Road trips have long been a tradition in the US and Canada. Families and adventurous individuals take to the road in search of scenery and unforgettable experiences. Yes, the open highway is attractive, but what if you could spend your whole trip seeing the sights and not have to worry about driving conditions or the distance that you have to travel before you reach the next gas station or roadside motel. This is where trains come in. Once, trains were the only means of long haul travel. They have since been overtaken by cars, buses and planes, but they still serve a purpose: they offer unparalleled en route sightseeing and a very high level of comfort. Some trains, such as Canada’s national service VIA Rail, even offer sightseeing-centered cars with glass roofs and elevated seats.
Many long rail routes in North America are ideal for sightseeing. If you want to experience a scenery-filled “land cruise” in the US or Canada, these popular routes are should be on the top of your list.
This train route is the longest in the country, running from Toronto all the way across Western Canada to the Pacific Coast city of Vancouver. The three-and-a-half-day journey exposes passengers to some of the most amazing scenery that this huge country has to offer. The rail that the train rides pass through the Great Lake landscapes of Ontario, the forests and prairies of Saskatchewan and Alberta, the Rocky Mountains, and finally the lush forests of British Colombia. The Canadian has sleeper cars and also observation cars that have glass roofs, allowing for a 360-degree view of the landscapes. This is the perfect place to enjoy the three sunrises and sunsets that you’ll get to see along the trip
The Rocky Mountaineer
This is another popular long haul route in Canada. The Rocky Mountaineer route from My Canada Trips, as its name suggests, climbs through its namesake mountains. The Mountaineer’s journeys are mainly undertaken by tourists, though it is possible for people heading to the popular resort towns of Banff and Whistler to use the train as a means of travel. Unlike the Canadians, the Rocky Mountaineer is almost strictly for sightseeing (not for getting from Point A to Point B). The trains of this service run four routes through the Rockies, stopping at night in order to make sure that passengers get to view all the spectacular panoramas of the mountain range during the daytime. The most popular of the Mountaineer’s routes is the Sea to Sky journey that runs between the alpine resort of Whistler and the city of Vancouver. Other routes stretch further reaching the towns of Calgary, Jasper, and Banff. If you put a premium on beautiful scenery, the Rocky Mountaineer might just be the perfect train for you.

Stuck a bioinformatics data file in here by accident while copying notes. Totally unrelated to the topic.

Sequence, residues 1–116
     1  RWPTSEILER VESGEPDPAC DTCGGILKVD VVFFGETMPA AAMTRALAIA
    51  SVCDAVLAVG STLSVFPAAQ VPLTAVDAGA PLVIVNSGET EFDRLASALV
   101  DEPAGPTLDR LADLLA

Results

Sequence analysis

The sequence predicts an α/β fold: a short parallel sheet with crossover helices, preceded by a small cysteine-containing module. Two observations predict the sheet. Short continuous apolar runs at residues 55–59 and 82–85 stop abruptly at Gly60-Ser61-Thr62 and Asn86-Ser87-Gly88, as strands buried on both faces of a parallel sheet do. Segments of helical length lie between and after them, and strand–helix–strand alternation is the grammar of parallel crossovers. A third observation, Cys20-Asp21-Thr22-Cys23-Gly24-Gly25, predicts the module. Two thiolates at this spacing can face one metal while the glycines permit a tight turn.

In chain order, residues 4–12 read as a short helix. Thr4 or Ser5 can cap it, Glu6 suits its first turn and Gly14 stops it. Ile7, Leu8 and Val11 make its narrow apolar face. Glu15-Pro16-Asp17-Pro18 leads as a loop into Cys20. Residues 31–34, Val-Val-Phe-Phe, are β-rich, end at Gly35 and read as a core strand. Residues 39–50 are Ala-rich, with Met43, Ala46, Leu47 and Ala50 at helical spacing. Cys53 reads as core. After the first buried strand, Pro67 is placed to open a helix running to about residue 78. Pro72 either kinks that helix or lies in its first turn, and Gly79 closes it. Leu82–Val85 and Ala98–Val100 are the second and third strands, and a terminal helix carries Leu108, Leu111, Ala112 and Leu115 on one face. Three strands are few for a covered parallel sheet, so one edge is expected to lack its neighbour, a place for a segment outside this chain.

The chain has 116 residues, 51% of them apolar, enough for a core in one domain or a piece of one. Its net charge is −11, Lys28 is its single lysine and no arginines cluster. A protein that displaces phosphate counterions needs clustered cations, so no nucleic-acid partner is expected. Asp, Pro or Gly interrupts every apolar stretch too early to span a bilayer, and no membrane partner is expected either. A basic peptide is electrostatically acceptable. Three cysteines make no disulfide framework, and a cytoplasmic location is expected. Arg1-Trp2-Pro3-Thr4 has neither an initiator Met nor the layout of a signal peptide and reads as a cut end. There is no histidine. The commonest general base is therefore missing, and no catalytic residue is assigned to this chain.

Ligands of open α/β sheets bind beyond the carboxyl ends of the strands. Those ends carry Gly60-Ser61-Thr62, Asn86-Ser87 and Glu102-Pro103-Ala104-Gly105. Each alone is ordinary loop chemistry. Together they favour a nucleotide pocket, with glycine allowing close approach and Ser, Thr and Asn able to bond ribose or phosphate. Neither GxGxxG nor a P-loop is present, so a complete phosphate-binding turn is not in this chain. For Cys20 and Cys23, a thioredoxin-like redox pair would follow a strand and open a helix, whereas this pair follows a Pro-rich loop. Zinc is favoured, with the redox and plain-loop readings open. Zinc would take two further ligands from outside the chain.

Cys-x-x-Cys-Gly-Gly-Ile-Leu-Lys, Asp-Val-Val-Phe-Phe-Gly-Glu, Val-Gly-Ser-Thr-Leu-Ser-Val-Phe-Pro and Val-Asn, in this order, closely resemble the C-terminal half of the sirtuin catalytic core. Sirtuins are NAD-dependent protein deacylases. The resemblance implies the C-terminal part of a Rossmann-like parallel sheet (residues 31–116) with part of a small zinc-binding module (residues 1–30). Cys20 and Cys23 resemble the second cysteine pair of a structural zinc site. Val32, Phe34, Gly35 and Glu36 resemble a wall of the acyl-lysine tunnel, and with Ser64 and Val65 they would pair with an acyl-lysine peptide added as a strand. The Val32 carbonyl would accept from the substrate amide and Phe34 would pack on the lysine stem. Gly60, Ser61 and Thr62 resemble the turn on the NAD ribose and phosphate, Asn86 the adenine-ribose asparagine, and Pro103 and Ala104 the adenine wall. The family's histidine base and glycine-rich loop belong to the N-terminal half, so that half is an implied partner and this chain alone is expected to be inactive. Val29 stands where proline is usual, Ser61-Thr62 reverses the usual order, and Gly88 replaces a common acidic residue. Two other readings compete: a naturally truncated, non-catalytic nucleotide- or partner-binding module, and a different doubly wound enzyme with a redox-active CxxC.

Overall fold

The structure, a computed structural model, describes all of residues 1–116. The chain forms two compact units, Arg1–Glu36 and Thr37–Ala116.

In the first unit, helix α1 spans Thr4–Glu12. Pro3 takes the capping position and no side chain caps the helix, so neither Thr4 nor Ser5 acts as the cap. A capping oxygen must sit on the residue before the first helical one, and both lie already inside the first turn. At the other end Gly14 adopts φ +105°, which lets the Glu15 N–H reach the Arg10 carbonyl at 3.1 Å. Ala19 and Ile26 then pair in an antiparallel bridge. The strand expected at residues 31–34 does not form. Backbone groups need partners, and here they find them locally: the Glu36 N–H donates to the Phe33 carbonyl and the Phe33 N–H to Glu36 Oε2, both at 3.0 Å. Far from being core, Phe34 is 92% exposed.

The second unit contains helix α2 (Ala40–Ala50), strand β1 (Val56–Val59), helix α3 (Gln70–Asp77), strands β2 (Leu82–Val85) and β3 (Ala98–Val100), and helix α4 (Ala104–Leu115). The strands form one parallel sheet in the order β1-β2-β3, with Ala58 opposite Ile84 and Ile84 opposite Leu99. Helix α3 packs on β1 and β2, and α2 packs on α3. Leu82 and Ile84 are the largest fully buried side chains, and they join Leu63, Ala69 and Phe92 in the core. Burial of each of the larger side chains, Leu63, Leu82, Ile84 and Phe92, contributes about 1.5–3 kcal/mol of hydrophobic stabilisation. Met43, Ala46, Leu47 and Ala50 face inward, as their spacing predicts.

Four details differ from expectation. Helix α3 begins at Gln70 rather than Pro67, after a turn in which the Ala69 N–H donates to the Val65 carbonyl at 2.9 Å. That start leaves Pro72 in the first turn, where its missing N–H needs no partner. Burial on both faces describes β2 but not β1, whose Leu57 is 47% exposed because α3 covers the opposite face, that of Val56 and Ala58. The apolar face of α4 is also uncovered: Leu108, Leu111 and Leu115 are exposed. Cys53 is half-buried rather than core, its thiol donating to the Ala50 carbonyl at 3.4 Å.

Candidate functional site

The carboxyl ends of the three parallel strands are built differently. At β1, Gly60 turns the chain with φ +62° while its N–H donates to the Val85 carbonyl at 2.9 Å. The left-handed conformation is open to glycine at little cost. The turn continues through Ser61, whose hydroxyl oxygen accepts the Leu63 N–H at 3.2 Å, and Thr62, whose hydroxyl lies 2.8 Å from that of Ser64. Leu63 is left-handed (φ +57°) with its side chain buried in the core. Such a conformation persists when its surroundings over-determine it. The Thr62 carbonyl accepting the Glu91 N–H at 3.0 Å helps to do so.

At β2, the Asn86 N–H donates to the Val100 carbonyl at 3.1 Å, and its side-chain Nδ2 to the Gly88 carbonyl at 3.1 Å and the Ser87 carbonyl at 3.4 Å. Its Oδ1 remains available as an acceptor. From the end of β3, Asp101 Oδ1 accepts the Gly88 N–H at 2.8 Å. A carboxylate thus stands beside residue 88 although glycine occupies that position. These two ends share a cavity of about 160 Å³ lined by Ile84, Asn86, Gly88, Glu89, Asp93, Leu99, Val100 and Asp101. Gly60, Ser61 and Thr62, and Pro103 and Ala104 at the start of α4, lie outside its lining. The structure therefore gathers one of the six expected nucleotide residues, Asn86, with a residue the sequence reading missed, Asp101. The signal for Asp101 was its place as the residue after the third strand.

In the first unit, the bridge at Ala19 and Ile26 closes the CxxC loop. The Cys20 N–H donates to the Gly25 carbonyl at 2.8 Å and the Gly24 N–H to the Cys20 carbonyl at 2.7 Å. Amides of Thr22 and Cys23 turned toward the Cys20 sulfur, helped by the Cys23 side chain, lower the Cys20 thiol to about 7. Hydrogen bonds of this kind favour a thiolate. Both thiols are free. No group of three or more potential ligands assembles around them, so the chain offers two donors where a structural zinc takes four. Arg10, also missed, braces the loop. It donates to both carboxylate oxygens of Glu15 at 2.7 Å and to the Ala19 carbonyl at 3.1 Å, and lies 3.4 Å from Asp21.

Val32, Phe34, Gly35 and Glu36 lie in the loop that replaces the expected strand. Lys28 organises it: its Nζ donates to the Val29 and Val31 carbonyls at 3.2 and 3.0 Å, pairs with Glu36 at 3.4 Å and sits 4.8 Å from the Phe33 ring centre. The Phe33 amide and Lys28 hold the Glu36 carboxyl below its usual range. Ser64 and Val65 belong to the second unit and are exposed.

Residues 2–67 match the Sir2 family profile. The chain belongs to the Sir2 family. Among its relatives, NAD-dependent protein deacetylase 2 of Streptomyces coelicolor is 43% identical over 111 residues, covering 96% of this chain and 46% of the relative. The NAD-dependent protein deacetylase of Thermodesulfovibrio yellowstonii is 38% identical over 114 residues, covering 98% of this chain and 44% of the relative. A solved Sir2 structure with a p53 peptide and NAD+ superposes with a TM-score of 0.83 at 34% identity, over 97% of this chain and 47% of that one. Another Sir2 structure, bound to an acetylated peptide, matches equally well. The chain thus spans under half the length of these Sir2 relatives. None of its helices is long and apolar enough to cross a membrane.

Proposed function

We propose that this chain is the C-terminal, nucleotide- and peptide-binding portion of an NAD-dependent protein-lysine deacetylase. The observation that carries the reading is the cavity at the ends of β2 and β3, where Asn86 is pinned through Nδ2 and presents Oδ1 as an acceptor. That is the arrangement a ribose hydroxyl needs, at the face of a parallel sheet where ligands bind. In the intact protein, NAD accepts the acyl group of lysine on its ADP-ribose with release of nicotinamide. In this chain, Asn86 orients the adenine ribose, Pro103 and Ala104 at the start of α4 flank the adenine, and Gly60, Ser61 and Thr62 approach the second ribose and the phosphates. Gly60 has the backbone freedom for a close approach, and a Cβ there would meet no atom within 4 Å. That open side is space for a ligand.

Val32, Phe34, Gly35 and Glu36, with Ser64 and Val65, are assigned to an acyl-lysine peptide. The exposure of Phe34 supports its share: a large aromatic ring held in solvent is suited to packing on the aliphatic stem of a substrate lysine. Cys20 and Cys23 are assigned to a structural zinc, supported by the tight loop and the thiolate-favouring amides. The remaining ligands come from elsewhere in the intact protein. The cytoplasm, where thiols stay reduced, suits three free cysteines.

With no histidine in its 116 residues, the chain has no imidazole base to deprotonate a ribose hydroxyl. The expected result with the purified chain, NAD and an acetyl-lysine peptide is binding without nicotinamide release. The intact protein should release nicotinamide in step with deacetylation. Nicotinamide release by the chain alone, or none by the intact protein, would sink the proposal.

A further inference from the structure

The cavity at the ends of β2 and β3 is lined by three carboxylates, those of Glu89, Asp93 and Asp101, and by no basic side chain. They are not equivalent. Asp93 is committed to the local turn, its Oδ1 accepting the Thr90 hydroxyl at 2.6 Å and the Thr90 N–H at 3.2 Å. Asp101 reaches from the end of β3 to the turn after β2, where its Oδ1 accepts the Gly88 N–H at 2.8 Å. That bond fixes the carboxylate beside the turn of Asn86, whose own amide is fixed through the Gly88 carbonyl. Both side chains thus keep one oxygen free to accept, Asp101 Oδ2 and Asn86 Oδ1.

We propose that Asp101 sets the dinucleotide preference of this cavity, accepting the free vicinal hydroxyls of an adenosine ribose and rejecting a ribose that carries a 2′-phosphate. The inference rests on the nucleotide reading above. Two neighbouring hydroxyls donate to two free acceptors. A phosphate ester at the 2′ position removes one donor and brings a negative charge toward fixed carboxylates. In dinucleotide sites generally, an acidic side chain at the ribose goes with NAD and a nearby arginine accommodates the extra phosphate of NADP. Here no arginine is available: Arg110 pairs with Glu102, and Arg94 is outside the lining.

Amtrak, the United States’ national train service, runs several long haul routes between the eastern and western halves of the country. Each of these routes has its own positive traits. For those who want a mix of scenery and want to see some of the most unique landscapes that North America has to offer, the Southwest Chief is the train of choice. This train runs between Chicago and Los Angeles, covering the Southwest and Great Plains. Like some other long haul trains, it has a dome car where passengers can get 360-degree views of the landscapes around the track. For the passengers of the Southwest Chief, those landscapes include the stark deserts and austere mountains of Arizona and New Mexico and the endless plains of Kansas. In addition, passengers are treated to views of the skylines of two of the most famous cities in the US, LA and Chicago.
Another long haul Amtrak route is dubbed the Empire Builder. Like the Southwest Chief, it begins in Chicago. This train, however, takes a more-northern route, passing through the Upper Midwest, the Badlands, and the Rockies before ending its journey in the Pacific Northwest. The Builder reaches Seattle before traveling to its terminus in Portland, Oregon. This train route has a long history, with people traveling between the West Coast and Chicago on these rails since the 1920s. The diverse natural landscapes make this a sightseers dream trip, but the sense of history that goes along with traveling on the Empire Builder is another reason the over-2,000 mile trip is such an attractive one.